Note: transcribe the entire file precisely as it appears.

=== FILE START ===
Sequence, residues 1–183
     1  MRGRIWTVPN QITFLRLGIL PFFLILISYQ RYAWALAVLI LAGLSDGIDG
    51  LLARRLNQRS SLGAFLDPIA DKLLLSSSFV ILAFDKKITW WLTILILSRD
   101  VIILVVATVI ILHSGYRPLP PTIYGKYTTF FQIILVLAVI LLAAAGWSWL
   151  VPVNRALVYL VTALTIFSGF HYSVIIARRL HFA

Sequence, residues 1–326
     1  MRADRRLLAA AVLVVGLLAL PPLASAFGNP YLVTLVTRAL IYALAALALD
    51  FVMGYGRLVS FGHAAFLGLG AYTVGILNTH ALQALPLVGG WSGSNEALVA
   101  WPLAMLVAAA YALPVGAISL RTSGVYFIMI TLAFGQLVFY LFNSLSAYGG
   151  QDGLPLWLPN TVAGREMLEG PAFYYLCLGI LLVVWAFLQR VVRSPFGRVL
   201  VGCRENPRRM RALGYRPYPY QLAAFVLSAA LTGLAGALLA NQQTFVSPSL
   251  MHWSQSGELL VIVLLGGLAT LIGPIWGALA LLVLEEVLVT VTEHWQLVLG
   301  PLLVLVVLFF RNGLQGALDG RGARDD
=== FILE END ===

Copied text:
Sequence, residues 1–183
     1  MRGRIWTVPN QITFLRLGIL PFFLILISYQ RYAWALAVLI LAGLSDGIDG
    51  LLARRLNQRS SLGAFLDPIA DKLLLSSSFV ILAFDKKITW WLTILILSRD
   101  VIILVVATVI ILHSGYRPLP PTIYGKYTTF FQIILVLAVI LLAAAGWSWL
   151  VPVNRALVYL VTALTIFSGF HYSVIIARRL HFA

Sequence, residues 1–326
     1  MRADRRLLAA AVLVVGLLAL PPLASAFGNP YLVTLVTRAL IYALAALALD
    51  FVMGYGRLVS FGHAAFLGLG AYTVGILNTH ALQALPLVGG WSGSNEALVA
   101  WPLAMLVAAA YALPVGAISL RTSGVYFIMI TLAFGQLVFY LFNSLSAYGG
   151  QDGLPLWLPN TVAGREMLEG PAFYYLCLGI LLVVWAFLQR VVRSPFGRVL
   201  VGCRENPRRM RALGYRPYPY QLAAFVLSAA LTGLAGALLA NQQTFVSPSL
   251  MHWSQSGELL VIVLLGGLAT LIGPIWGALA LLVLEEVLVT VTEHWQLVLG
   301  PLLVLVVLFF RNGLQGALDG RGARDD